a mother embracing her daughter who has narcolepsy with a speech bubble shaped like a heart

5 Tips for Parents Dealing With Children With Narcolepsy

Every day I wake up in the middle of the night thanks to good old narcolepsy. Usually, I flip over to take my medicine to go right back to sleep, but I grabbed my phone instead.

"You are my favorite daughter, and I love you, mom."

It may or may not have said the favorite daughter part; however, I know my mom loves me because she has been my biggest supporter during my narcolepsy journey. I think she did a fantastic job as a parent, so I asked her to give me 5 tips for other parents dealing with narcolepsy in their family. Here is what she said:

1. Get a proper diagnosis

Make sure you get a proper diagnosis. Don't stop until you know what you're dealing with.

I was 16 years old when my mother noticed my excessive sleepiness and my trouble with memory. She is that mom, if you catch my drift, and I was at the doctor's office the next week.

They checked my thyroid, and once that came back negative, I then participated in a sleep study for sleep apnea. Once that also came back negative, we just decided to leave it alone because it wasn't life-threatening. My symptoms began to worsen and 3 years later, I felt I lost total control of my life.

All I could do at that point was sleep. I lost my job and failed all of my classes. I always wonder how different things would have been if I hadn't been so nonchalant about my sleepiness. I encourage anyone and everyone not to stop until you are satisfied with your diagnosis. Seek second and third opinions.

2. Consult a specialist about treatment

Once diagnosed with narcolepsy, consult a specialist to get a treatment that works best for your child.

My first narcolepsy medication helped me stay awake through the day but at the cost of unbearable migraines. Six months later, on a follow-up visit, I complained about the headaches, and he explained that this is just how things are going to be.

I accepted that answer because I felt like that doctor had my best interest in mind, and at least I was able to stay awake in my classes. Another 6 months pass, and I go back for another appointment. This time I received a new doctor due to the other one retiring. I told her about my headaches from the medicine, and she immediately changed me to something else.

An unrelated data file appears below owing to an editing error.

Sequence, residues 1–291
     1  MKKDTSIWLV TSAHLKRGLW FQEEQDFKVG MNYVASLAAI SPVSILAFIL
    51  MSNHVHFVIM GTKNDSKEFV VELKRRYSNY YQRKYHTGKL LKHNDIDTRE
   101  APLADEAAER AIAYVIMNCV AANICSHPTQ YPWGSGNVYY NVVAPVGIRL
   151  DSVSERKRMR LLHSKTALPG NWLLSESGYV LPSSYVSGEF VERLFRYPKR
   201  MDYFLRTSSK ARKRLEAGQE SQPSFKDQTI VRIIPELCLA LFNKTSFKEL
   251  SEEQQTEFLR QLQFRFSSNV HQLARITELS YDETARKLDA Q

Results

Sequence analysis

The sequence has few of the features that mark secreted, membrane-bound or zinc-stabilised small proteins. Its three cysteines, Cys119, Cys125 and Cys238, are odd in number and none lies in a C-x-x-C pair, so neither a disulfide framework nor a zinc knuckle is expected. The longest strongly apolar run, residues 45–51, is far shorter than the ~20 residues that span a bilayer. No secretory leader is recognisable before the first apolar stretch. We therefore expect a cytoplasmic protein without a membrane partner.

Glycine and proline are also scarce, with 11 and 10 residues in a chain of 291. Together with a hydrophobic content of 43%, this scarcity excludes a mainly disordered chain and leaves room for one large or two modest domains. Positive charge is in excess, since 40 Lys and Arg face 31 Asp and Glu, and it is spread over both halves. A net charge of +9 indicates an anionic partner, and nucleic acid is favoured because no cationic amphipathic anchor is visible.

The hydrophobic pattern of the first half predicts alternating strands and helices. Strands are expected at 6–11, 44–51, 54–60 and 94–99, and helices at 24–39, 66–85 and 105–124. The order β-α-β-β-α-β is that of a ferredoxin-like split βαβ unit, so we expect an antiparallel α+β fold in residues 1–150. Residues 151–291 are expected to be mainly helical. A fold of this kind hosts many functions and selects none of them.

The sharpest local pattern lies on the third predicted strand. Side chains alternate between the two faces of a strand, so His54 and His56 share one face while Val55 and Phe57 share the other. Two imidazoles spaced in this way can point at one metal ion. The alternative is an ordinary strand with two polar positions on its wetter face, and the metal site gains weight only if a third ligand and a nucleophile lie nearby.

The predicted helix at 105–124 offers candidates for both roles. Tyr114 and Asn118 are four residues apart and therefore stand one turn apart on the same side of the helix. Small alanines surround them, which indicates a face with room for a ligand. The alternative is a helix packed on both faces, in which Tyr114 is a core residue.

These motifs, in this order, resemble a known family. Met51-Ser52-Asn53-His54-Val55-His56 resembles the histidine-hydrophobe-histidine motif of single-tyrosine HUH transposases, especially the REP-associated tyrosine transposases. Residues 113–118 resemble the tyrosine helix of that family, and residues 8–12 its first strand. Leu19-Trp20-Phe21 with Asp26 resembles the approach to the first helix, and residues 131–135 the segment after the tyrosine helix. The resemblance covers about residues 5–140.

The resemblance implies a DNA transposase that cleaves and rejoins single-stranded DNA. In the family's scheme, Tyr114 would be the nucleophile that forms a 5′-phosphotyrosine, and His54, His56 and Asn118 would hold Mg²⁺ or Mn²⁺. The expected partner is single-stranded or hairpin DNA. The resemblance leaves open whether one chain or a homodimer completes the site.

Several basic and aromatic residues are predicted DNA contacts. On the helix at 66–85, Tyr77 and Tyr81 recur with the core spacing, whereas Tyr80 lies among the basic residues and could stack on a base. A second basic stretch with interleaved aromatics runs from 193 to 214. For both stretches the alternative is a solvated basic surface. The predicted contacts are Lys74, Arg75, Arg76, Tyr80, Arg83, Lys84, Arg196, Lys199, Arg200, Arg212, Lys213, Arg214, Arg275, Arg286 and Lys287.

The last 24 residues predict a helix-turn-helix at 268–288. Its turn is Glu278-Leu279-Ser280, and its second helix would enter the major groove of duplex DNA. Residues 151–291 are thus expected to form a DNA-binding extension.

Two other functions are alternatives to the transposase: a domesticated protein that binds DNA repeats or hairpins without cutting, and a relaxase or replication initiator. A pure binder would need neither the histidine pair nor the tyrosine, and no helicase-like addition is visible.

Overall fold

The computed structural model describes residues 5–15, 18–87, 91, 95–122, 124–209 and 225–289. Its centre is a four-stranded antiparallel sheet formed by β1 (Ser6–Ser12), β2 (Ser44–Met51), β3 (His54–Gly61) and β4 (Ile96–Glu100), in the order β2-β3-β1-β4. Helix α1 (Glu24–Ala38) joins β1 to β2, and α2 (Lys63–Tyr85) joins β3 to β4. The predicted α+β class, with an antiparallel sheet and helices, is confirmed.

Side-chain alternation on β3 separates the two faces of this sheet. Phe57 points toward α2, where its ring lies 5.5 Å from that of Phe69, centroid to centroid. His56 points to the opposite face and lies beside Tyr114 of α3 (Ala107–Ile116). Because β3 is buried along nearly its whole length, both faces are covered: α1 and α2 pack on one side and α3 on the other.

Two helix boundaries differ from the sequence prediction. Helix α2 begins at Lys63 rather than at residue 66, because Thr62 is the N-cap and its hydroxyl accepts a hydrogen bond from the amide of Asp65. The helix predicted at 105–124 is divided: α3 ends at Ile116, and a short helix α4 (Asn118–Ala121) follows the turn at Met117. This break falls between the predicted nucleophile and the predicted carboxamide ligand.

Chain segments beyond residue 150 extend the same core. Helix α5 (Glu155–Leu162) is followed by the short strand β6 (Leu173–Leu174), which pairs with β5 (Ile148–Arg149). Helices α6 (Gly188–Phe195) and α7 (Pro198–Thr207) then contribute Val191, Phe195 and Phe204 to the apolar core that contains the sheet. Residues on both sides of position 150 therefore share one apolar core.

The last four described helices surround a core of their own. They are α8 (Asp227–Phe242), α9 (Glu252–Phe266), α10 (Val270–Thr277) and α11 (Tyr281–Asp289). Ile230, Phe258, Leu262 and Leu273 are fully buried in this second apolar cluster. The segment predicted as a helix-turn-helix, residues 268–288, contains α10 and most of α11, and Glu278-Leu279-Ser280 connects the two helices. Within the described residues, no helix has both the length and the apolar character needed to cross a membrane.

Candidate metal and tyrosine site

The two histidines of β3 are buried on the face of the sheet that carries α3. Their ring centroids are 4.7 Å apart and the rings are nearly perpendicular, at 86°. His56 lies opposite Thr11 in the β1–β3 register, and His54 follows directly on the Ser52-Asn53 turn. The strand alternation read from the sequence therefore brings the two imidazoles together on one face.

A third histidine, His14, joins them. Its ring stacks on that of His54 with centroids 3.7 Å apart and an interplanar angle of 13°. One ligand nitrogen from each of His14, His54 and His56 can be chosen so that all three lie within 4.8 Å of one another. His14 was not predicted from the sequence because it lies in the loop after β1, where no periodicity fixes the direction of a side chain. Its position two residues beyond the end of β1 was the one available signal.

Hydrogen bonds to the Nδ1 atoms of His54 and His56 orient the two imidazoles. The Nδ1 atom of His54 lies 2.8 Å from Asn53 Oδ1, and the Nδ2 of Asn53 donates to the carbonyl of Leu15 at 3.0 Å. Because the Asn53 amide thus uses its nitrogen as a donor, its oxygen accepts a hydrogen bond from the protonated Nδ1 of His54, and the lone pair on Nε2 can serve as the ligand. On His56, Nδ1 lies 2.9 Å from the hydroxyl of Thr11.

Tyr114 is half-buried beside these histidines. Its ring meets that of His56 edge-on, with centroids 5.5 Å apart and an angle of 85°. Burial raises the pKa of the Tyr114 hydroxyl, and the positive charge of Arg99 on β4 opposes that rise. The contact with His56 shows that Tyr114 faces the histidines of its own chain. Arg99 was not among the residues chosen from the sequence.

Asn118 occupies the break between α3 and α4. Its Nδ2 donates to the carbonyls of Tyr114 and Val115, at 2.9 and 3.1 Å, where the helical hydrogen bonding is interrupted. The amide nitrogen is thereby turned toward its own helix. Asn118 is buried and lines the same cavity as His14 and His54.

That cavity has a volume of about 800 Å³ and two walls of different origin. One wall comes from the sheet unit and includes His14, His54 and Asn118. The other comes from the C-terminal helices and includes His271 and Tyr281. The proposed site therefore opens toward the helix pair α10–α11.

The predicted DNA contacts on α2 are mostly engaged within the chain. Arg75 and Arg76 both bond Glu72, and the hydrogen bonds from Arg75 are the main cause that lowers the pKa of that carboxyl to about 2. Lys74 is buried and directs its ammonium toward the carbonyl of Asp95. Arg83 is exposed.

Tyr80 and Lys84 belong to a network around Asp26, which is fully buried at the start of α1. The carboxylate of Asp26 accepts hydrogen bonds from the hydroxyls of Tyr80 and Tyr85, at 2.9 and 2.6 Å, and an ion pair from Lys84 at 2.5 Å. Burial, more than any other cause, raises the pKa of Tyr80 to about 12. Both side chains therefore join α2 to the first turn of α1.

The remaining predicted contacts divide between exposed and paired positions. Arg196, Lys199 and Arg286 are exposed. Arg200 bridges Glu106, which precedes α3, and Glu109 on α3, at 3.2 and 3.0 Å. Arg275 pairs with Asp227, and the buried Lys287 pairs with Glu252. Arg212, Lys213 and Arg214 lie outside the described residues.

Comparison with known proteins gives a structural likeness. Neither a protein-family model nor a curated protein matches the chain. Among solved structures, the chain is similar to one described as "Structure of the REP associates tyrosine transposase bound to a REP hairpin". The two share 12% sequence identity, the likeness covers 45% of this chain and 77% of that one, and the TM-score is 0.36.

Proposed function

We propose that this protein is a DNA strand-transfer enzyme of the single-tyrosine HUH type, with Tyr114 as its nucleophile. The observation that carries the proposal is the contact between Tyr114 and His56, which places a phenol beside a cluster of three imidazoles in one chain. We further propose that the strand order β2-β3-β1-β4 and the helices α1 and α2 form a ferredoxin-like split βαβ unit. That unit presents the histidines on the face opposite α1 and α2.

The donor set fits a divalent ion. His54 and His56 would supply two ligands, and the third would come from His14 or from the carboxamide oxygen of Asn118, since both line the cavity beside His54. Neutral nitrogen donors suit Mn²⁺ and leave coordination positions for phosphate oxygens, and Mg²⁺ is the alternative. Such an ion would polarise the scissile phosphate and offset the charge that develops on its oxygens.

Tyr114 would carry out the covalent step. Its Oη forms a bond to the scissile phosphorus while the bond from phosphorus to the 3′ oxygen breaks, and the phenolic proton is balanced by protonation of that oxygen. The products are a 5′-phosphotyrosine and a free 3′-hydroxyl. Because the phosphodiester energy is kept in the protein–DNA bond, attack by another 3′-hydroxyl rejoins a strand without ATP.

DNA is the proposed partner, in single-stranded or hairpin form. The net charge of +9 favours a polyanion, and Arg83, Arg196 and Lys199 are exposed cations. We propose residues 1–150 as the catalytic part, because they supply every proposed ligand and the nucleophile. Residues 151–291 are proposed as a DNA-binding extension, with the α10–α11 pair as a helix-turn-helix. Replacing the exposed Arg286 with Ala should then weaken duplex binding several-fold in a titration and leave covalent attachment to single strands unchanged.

She explained that that medication is known to cause headaches and that I could try a new one. She then assured me that if it caused the same problem, we could try something else. This experience taught me that there are many ways to help your narcolepsy symptoms. Research possible treatments and talk to your doctor about them.

3. Have patience

Be patient with your child. Recognize it's the illness and not the child.

Being tired all the time makes me experience mood swings. I always reference my behavior to a toddler without a nap. Anything and everything causes me to act in ways I normally wouldn't.

At times, I have to stop and think if my feelings are normal or I need a nap. As a parent, it's essential to understand that they won't always have full control of their emotions. The best thing to do is try to understand their situation and communicate better coping skills when a person does have a change in feelings.

4. Encourage big dreams

Don't allow the child to use narcolepsy as an excuse. They can be as successful as someone without narcolepsy.

All through college I struggled to succeed in college, by doing what other students were doing. It wasn't until I accepted that I was unique with narcolepsy that I was going to have to do things differently.

Parents should help eliminate doubt within the child. Narcolepsy makes things more challenging but not impossible. Support goes a long way.

5. Stay informed

Keep learning.

There are new medicines and treatments over time, that may be better for your child. Always ask questions and seek answers. The way I handle my narcolepsy as a teenager is different now that I am an adult.

We don't fully understand everything about narcolepsy but try to stay up to date with the research to ensure your child is receiving the best treatment.

What tips would you give to others who have family members dealing with narcolepsy? Join our community and share in the comments below.

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This article represents the opinions, thoughts, and experiences of the author; none of this content has been paid for by any advertiser. The Narcolepsy.Sleep-Disorders.net team does not recommend or endorse any products or treatments discussed herein. Learn more about how we maintain editorial integrity here.

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